My name is Samuel and I was born in a remote village called Kpor in the southern part of Nigeria. My earliest and most frightening memory is of the day that my uncle brought me to the orphanage, told the matron I had no family and then, in turn, told my mother that I had died on the way. I was four years old at the time and did not know why my mother did not want me anymore. Maybe it was because I was different, crippled with polio and unable to walk. Panic gripped me as I wondered what would happen to me next.Life at the orphanage turned out to be a miserable existence at best. Instead of caring for the children entrusted to them, our caretakers strived only to make money. We were given only one meal a day so we would appear wretched and starved in order to elicit funds and contributions from donors.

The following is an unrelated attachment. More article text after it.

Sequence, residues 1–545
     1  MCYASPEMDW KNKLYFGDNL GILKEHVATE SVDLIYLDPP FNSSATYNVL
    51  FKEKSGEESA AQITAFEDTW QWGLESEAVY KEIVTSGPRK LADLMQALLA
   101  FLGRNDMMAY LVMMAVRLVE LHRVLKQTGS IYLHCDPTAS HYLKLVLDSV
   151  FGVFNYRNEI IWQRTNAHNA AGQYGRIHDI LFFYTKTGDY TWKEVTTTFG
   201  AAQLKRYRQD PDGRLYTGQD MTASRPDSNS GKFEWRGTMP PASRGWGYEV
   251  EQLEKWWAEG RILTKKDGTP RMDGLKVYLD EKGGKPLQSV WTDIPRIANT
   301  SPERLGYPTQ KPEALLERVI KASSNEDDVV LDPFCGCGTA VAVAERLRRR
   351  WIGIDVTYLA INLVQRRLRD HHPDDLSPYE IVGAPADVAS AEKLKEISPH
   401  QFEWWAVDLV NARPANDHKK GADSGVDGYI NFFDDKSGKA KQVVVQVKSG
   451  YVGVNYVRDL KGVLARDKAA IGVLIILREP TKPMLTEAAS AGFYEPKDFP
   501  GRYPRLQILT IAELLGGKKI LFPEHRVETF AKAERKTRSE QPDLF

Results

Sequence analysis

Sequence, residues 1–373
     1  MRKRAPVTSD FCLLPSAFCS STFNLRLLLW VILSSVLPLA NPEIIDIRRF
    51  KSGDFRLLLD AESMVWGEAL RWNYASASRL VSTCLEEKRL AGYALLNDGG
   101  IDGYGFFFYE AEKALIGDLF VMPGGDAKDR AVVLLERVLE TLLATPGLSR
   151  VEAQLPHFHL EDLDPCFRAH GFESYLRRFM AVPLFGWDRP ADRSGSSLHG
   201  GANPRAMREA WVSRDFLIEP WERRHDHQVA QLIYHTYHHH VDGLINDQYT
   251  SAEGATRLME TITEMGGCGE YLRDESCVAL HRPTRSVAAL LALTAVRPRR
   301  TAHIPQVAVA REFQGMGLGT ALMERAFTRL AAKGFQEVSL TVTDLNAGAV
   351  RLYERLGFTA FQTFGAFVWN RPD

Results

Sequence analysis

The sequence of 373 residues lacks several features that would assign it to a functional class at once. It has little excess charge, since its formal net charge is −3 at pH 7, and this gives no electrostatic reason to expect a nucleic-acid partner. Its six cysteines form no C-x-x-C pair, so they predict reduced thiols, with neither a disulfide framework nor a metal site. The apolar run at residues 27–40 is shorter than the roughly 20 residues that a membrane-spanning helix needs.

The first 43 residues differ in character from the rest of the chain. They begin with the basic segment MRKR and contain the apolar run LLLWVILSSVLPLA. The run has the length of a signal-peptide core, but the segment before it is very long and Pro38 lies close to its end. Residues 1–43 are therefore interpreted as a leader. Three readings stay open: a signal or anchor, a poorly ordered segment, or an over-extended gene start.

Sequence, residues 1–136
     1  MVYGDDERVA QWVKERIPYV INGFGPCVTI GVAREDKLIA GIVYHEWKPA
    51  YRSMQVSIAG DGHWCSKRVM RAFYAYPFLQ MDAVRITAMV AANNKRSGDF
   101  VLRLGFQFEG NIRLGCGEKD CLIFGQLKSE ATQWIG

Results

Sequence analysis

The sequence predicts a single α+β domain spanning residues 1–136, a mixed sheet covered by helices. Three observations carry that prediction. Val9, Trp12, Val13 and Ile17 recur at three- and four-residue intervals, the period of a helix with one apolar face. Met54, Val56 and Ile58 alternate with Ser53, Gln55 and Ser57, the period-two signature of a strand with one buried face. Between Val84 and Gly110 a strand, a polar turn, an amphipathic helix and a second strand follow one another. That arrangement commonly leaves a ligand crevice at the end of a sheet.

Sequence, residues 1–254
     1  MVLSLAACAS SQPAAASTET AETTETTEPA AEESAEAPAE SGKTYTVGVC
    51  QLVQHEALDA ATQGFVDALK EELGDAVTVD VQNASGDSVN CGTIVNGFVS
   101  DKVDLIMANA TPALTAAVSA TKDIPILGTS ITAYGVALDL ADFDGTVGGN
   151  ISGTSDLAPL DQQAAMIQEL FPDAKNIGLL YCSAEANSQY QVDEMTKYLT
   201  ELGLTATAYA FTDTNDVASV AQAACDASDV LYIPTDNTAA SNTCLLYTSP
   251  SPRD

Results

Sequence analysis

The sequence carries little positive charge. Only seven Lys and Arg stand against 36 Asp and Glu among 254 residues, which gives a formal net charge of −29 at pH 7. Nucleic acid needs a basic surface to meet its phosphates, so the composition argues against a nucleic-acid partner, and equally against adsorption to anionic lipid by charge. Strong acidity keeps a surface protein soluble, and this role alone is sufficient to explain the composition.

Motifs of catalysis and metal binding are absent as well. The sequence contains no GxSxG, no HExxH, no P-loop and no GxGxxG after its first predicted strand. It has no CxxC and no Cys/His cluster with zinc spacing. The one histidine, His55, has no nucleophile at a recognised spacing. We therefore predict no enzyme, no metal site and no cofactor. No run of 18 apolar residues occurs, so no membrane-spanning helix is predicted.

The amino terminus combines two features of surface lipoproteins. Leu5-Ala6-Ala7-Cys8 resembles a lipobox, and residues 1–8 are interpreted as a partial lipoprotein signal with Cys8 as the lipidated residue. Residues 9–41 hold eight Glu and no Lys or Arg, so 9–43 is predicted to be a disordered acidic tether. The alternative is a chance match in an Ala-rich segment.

I suppose it was the trauma of being hungry all the time, feeling utterly alone, and the pain of dealing with my illness that caused me to constantly wet my bed.
For this crime I was beaten thirty times every morning with a leather whip used for animals. This went on for eight years of my life, and I became known as “The Bed Wetter.’ The shame that followed me was unbearable and the disgrace was so great that I could not even lift my head when I spoke. I was afraid to sleep and afraid to wake up knowing what awaited me in the morning.
When I was eight, I realized that no one was going to help me and if I was ever going to make something of myself I had to get an education. The challenge, though, was that the school was over a mile away, and there was no transportation available. At this time in my life the only way I was able to get around was by crawling, and though the problem seemed insurmountable, I determined to crawl over a mile to and from school to get an education.